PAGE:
The bathroom or cloakroom is one of the most used spaces in your home and if not cleaned properly and frequently, can quickly become unhygienic and hazardous to the health of you and your family.
Prevention is essential when reducing the spread of harmful bacteria and viruses that cause illness – which is why it is essential to deep clean your bathroom, especially at the moment.
Bacteria and viruses are invisible to the naked eye, so even if your bathroom looks sparkling clean, it may not be hygienically clean. Therefore, it is important that you clean your bathroom to remove these as well as visible dirt such as dust and finger marks.
Bleach Kills Viruses
Bleach is chemically known as sodium hypochlorite and it works by oxidising the molecules of cells in viruses and bacteria. Used correctly, as detailed on the bottle, it is safe but remember that splashes of bleach solution will bleach clothing and textiles. Also, wear protective gloves and rinse these well after use.
Useful information on using bleach to clean can be found at www.domestos.com.
Keep the bathroom well ventilated when cleaning with bleach solutions by opening the windows, doors and extractor fan left on for a while if there is no window.
How to clean your bathroom – step by step
1. Wipe down bathroom surfaces and door handles frequently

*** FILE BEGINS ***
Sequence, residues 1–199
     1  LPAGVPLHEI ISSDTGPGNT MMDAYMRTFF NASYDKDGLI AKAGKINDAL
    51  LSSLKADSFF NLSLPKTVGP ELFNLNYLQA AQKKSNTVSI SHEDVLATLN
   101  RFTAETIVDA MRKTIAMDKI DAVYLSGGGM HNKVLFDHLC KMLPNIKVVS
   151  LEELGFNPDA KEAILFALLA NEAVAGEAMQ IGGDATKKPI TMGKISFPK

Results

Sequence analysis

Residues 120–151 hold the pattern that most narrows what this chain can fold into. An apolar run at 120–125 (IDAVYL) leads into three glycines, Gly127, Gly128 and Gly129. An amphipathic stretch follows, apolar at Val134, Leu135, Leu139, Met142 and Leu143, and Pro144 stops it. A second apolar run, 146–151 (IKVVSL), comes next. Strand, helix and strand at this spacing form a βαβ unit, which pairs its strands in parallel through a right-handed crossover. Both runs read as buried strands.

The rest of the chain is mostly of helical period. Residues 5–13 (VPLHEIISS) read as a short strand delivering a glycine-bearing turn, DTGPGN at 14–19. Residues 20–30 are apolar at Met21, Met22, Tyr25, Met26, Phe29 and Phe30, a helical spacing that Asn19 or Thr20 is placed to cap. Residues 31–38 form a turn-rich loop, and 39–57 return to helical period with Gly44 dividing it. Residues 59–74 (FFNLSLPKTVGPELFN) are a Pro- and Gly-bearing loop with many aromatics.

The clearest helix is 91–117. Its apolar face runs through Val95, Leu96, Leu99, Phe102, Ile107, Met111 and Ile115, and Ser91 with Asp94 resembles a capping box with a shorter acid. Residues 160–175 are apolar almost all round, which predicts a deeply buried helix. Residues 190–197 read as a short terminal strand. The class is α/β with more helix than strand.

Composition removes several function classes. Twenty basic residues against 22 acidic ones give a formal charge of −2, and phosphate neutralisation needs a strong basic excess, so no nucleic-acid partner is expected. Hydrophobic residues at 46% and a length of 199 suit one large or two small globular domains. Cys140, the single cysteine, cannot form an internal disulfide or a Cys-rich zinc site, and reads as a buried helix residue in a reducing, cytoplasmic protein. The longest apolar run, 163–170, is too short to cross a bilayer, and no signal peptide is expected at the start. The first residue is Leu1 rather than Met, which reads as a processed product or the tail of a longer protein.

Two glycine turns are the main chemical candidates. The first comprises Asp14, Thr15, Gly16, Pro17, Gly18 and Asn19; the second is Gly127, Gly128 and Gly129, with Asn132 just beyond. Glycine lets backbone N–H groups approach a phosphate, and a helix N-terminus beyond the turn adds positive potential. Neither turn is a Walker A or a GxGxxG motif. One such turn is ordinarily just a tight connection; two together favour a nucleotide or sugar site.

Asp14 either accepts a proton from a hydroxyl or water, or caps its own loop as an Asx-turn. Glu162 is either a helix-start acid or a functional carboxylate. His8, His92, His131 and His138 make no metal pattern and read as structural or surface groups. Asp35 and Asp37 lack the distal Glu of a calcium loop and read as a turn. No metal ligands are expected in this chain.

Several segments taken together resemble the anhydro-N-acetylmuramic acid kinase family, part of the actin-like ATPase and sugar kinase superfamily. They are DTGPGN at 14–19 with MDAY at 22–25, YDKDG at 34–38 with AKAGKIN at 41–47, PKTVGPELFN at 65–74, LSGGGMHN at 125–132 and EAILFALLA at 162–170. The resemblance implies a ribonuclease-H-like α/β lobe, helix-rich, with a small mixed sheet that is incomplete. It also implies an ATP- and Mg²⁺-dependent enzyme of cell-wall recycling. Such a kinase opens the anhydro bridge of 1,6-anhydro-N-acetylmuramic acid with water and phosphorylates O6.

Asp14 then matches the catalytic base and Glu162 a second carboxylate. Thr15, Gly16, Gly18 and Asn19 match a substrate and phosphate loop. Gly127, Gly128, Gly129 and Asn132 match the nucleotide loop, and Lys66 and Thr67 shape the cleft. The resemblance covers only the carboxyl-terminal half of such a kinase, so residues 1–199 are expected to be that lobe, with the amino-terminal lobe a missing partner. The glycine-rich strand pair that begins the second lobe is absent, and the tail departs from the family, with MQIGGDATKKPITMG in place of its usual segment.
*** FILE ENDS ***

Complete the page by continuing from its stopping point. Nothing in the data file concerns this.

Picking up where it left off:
A daily spray with an antibacterial bathroom cleaner and a wipe with a microfibre cloth will be sufficient to make hard surfaces, such as the window sills, shower screens and floors, look clean and kill bacteria. However, to kill viruses it will be necessary to use a diluted bleach solution. For door handles use 60ml of bleach in a bucket of hot water.
To clean your bathroom floor and other hard surfaces use 120ml of bleach per 5 litres of hot water (do not use a bleach solution on coloured grout and always test on an inconspicuous area of a surface before cleaning.)
2. Thoroughly Clean the Toilet
The toilet should be cleaned daily by using a solution of 120ml bleach in 5 litres of hot water. The toilet bowl can be cleaned by using neat bleach and leaving for 15 minutes or overnight before scrubbing with a toilet brush. Toilet brushes can harbour germs and viruses, so once a week soak the brush in a bowl of hot water to which a cupful of bleach has been added.
3. Cleaning Bathroom Sinks
Your bathroom sink will likely get a lot of use – and so may accumulate a lot of dirt, grime, germs and bacteria. As such it’s really important to keep your sink clean. Start off by giving the sink a wipe down with a wet cloth – try to get as much debris and grime off as you can. Rinse the sink with hot water and then use 120ml bleach to 5 litres of water to clean the sink and give particular attention to the taps, the plug hole and the overflow.
4. Cleaning Shower Curtains
If you have a shower curtain it should be washed at least one a month as it can harbour germs and viruses. Wash in a washing machine with biological powder/liquid on a 60 degrees heat setting. If possible, dry outside in sunlight as this will also help to kill germs. If your shower curtain is not suitable for the washing machine, soak or wash down with a bleach solution.
5. Bathroom Towels and Flannels
It is good hygiene practice to not share bathroom towels and flannels, even a hand towel when someone in the home is ill. These should be changed frequently and washed with a biological powder and at least 60 degrees heat setting.
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